The only foray into SSD that I've had was installing a SSD back in March 2009. The computer at the time was an ASUS eeePC 1005HA with Windows XP and the SSD was OCZ "Core Series V2 OCZSSD2-2C30G 2.5" 30GB SATA II". I have a feeling that the computer itself wasn't powerful enough to really see any gains in performance. I ended up selling the machine to someone else.
Fast-forward to now and I see that for about the same price I paid back in 2009 ($100) for 30GB I can get double the capacity. Such is technology.
I'm finally interested in getting a SSD for my desktop. Here are my specs: Motherboard: ASUS SABERTOOTH 55i, BIOS version 2003 CPU: Intel Core i5-750 Lynnfield 2.66GHz LGA 1156 95W Quad-Core BX80605I5750
CPU OC'ed to 2.81 GHz RAM: G.SKILL Trident 4GB DDR3 2000 (PC3 16000) F3-16000CL9D-4GBTD Video Card: Sapphire Vapor-X 100283VXL Radeon HD 5770 1GB PSU: Corsair HX750 (CMPSU-750HX) 750W Hard Drives:
1 x WD VelociRaptor WD3000GLFS 300GB 10,000 RPM (internal, Main)
2 x WD Caviar Green WD10EARS 1TB 5,400 RPM (internal, Backup)
1 x WD Caviar Green WD10EARS 1TB 5,400 RPM (external, eSATA, Backup) CD/DVD: Samsung SH-S203N Case: Thermaltake Element V VL20001W2Z OS: Windows 7 SP 1 x64 Home Premium
Now it is my understanding that:
1. It's best to do a clean install of the OS instead of cloning so that TRIM and other commands can be invoked on the new install
2. Even though my motherboard only supports SATA II, I won't see that much of a real-world performance increase if I had a SATA III motherboard and a SATA III SSD.
Please feel free to correct any points above.
My budget is $100, but I am willing to go up to $150 if I see it's worth the extra amount. I am only willing to go above $150 if I get strong recommendations to go above it.
The use of my SSD is for my Windows installation and most likely a few programs. (Adobe Master Collection, MindJet MindManager)
Use for other drives:
My WD VelociRaptor will now be used as my drive for program installations.
Allegiance & Recommendations:
I am open to any recommendations for drives. I have no allegiances towards any companies. (Although if Western Digital made one, I would use that in a heartbeat if costs were not prohibitive ) I need something that is stable and that will last me for many years. For example, I have had the WD VelociRaptor for 3 years with no issues.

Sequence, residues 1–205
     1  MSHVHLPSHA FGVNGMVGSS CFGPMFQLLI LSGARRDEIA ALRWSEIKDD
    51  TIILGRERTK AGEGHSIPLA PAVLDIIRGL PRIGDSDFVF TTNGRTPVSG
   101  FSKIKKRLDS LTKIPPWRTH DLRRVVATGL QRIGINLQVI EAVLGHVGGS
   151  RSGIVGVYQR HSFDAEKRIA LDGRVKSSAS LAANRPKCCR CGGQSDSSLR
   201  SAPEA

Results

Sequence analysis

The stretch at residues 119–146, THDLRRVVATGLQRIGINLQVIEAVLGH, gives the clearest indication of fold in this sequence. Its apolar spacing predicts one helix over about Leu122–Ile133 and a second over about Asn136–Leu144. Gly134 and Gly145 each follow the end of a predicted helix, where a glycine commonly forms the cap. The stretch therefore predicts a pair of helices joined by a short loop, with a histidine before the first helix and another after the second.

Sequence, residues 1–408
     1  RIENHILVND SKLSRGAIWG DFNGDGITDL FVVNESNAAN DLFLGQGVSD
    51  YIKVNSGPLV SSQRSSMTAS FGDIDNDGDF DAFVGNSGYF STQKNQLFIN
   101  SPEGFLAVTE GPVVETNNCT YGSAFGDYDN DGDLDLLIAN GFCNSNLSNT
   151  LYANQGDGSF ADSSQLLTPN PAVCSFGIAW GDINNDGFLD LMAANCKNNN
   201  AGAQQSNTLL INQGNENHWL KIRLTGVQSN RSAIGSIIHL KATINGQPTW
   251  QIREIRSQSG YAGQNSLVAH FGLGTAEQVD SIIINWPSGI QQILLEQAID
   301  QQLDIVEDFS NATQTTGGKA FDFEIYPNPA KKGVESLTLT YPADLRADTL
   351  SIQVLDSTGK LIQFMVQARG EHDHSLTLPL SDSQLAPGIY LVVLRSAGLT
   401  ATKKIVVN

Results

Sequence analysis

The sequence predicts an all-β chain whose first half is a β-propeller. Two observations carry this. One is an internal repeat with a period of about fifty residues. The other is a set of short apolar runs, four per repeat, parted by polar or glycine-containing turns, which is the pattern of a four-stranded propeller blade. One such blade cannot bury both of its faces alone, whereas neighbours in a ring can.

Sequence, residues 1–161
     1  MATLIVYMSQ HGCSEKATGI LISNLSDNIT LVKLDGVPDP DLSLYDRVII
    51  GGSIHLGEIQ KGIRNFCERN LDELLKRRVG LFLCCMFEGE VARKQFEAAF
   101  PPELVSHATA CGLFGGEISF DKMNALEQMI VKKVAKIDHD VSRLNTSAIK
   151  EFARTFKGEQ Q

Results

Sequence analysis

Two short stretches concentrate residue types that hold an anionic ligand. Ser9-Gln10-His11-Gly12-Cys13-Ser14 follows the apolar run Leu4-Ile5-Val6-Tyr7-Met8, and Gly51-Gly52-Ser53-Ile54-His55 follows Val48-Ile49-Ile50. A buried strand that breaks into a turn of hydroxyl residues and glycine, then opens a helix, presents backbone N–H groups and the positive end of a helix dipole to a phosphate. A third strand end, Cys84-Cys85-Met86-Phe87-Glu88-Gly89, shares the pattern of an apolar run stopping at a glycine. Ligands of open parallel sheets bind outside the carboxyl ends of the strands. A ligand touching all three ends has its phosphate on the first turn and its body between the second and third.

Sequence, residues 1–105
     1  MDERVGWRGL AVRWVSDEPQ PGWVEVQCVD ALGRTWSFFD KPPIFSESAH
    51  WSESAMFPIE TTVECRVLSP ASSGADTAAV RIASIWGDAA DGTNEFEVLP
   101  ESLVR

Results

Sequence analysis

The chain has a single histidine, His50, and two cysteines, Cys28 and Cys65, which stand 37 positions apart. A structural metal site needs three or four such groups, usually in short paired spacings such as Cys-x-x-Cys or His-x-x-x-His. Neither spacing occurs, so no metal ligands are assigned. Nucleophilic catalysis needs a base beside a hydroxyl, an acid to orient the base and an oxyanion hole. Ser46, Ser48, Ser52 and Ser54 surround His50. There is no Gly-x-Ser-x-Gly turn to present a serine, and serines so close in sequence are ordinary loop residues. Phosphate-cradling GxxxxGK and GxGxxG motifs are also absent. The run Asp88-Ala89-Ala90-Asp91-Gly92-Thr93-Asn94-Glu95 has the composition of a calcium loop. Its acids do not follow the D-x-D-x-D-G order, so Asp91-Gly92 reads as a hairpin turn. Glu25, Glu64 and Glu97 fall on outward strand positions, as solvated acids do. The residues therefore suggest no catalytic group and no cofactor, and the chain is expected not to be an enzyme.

I have a Hauppauge WinTV-HVR-2250 TV tuner card which I use to watch TV on my PC using Windows Media Center. I rarely use the timeshifting feature, but I am concerned about all those small writes to the SSD cutting the life of the drive down. I am assuming I can change the location of the timeshifting folder. Looking around, it seems I can but it would be nice to get input from someone else on this feature and SSDs.
Clean install is always best, but cloning will work too.
Make sure you disable automatic defragmentation for that drive, as defragging an SSD will ruin it's performance (and is not needed).
SATA II are cheaper that SATA III, so for same amount of money you can get a bigger capacity SSD. If mobo is SATA II, you will not see any difference in terms of performance anyways. I am hardly convinced that one will actually be able to subjectively notice a performance difference anyways.
I have used 2 Samsung SSDs with good results, no failures ( I can only speak from my own experience, the rest of the community is more than welcome to step in). For updated ratings and reviews, try a Newegg search and do a ranking by rating.
You're welcome, good luck with your project.
Hi tecmo, (shame they cut out the player names in the VC release, eh?)
AHCI's already enabled as I'm using the 2 1TB drives in RAID 1. Is there a reason all the other drives should be disconnected during installation? I'll be formatting the 300GB drive anyways when I do a clean install on the SSD so if you're concerned about the first partitions being made, don't concern yourself with that.
Any recommendations for a drive closer to $150? Just wondering if it's worth it to spend a tiny bit more. Thanks!
The reason most people recommend not having the drives connected, is that Windows likes to put boot files at times on other drives, which can cause the SSD to slow down. If you don't have them connected, nothing to worry about.
Actually, the Crucial m4 is probably the best sub $150 card you can purchase, so I don't really have any other recommendations.
Thanks for your reply once again. By "boot files", do you mean the boot partition that Windows 7 makes? The one thing that concerns me about this drive would be the slow write times. I believe I remember seeing other drives with write speeds that were closer to the read amounts. Thoughts?
Yes.. I'm talking about the boot partition Windows 7 makes, as some times it can be part of the other drive.
In real world usage, you won't see much of an impact compared to a mechanical drive but what you are referring to are the Sandforce 2200 SSD's with Sync NAND (OCZ Vertex 3, Corsair Force GT for examples). What you are seeing with those number is under ideal conditions, as tested by ATTO. It uses compressible data that these drives excel at and make them look much faster. Take a look at their AS SSD or CrystalDiskMark reviews and you'll see the write speeds a lot lower than their read speeds.